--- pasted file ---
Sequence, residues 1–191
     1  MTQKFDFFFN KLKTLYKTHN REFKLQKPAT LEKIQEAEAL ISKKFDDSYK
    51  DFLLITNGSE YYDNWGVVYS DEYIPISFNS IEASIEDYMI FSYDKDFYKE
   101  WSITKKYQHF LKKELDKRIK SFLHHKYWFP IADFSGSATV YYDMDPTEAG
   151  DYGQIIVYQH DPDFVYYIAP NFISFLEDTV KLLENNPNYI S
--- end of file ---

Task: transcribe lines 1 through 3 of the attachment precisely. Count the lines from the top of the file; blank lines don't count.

Sequence, residues 1–191
     1  MTQKFDFFFN KLKTLYKTHN REFKLQKPAT LEKIQEAEAL ISKKFDDSYK
    51  DFLLITNGSE YYDNWGVVYS DEYIPISFNS IEASIEDYMI FSYDKDFYKE